pener ugc nofollow" target="_blank" href="https://www.ccusd.org/pdf/policies/0000%20-%20Philosophy%20-%20Goals%20-%20Objectives/0420-4%20AR%20Charter%20Schools.pdf">The Board may revoke a charter whenever it finds, through a showing of substantial evidence, that the charter school has"failed to meet or pursue any of the student outcomes identified in the charter." - Culver City Unified School District
While the LAUSD put a former California Charter School Association employee in charge of its Charter School Division, the school board in Culver City has taken a more proactive approach towards protecting the public school students that it represents. In a Comprehensive Plan that was adopted in 2008, this smaller district lays out rules that charter schools must follow in order to operate within Culver City. Had the LAUSD enforced similar rules during the past decade, the Citizens of the World nationwide chain of charter schools would have been forced to operate in a more ethical manner. The bad practices that could have been prevented include:
- Overestimating Enrollment
Unlike the LAUSD, Culver City's board recognizes the potential for fraud in the system and, therefore, requires charter schools to "include a prominent statement explaining that a signature means that the parent/guardian is meaningfully interested in having his/her child attend the charter school." This lets parents signing the form know that they are not participating in a "game," but taking an action that has real consequences, if not for their family then for other families attending public schools. Such a requirement would have prevented the students at Shirley Avenue Elementary School from giving up space for special education programs, parent centers, and a robotics lab so that Citizens of the World can let these rooms sit empty.
- Resegregation Of Schools
In comparison, Culver City specifies that proposed charter schools must describe "the means by which the school will achieve a racial and ethnic balance among its students that is reflective of the general population residing within the District's territorial jurisdiction." Since these charters are warned that "a material violation of any of the conditions, standards, or procedures set forth in the charter," a failure to follow through with these plans could result in the closure of the campus.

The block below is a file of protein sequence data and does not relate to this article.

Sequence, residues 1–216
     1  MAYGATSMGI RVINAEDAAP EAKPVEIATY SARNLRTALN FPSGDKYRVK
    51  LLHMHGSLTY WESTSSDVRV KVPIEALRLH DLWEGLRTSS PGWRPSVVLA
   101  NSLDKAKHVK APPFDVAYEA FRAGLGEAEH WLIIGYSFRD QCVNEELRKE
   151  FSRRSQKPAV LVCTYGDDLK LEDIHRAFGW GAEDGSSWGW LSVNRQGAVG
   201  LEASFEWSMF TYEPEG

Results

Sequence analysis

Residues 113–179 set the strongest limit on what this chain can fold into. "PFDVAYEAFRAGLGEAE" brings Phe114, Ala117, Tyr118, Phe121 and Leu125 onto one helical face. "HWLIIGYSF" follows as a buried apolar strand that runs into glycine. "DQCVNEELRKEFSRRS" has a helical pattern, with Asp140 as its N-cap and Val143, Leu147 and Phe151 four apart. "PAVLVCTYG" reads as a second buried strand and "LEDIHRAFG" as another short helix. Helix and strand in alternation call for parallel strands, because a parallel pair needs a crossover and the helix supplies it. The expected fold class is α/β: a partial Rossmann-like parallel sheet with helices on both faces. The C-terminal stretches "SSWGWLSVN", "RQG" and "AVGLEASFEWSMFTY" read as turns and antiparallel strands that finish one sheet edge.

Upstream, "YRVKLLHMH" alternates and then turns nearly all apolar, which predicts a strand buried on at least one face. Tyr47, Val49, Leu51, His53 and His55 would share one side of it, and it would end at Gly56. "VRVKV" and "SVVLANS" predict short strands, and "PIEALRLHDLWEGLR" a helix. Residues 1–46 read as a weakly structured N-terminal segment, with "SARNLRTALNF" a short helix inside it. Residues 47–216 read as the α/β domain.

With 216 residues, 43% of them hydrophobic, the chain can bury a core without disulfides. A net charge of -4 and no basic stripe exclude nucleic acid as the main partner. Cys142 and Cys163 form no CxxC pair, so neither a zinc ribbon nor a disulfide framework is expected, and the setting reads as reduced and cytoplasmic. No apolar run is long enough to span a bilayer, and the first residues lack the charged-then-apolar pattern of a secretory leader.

- Making Unauthorized Changes To The Charter
Culver City's rules prevent this kind of bait and switch. It clearly states that "material revisions to a charter may be made only with Board approval." They also specify that this kind of change must be considered in an open meeting. In comparison, the parents at Colfax and Dixie Canyon were deprived of any opportunity to have their opinions heard before a charter chain, with a history of parasitic activity, was allowed to move into their neighborhood.application for a grant from the Betsy DeVos' Education Department, the parent chain of Citizens of the World declared its intention to target Culver City for its next expansion in the Los Angeles area. However, instead of subjecting itself to the strict rules of the small school district, the new franchise will be "Culver City Adjacent." This will allow the school to be authorized by the LAUSD and their school board controlled by a majority of members elected with the help of the California Charter School Association (CCSA) and its allies. From this "adjacent" location, the Citizens of the World can poach students from Culver City without being subject to this district's oversight.
With the Citizens of the World chain in arrears to the LAUSD in the amount of $1,068,684.79, the LAUSD should be looking to close down their existing campuses, not allowing them to expand. This is especially true if the targeted area of expansion will hurt a small district where 44% of the students receive Free and Reduced Lunch. AB1505 gave the LAUSD the tools it needed to hold schools like Citizens of the World accountable for their actions. Its Board needs to put their personal loyalties aside and start using these tools to act on behalf of the public school students they were elected to represent, even if it costs them funding from the CCSA during next year's election season.
Carl Petersen is a parent advocate for students with special education needs and public education. He is an elected member of the Northridge East Neighborhood Council and serves as the Education Chair. As a Green Party candidate in LAUSD's District 2 School Board race, he was endorsed by Network for Public Education (NPE) Action. Dr. Diane Ravitch has called him "a valiant fighter for public schools in Los Angeles." For links to his blogs, please visit www.ChangeTheLAUSD.com. Opinions are his own.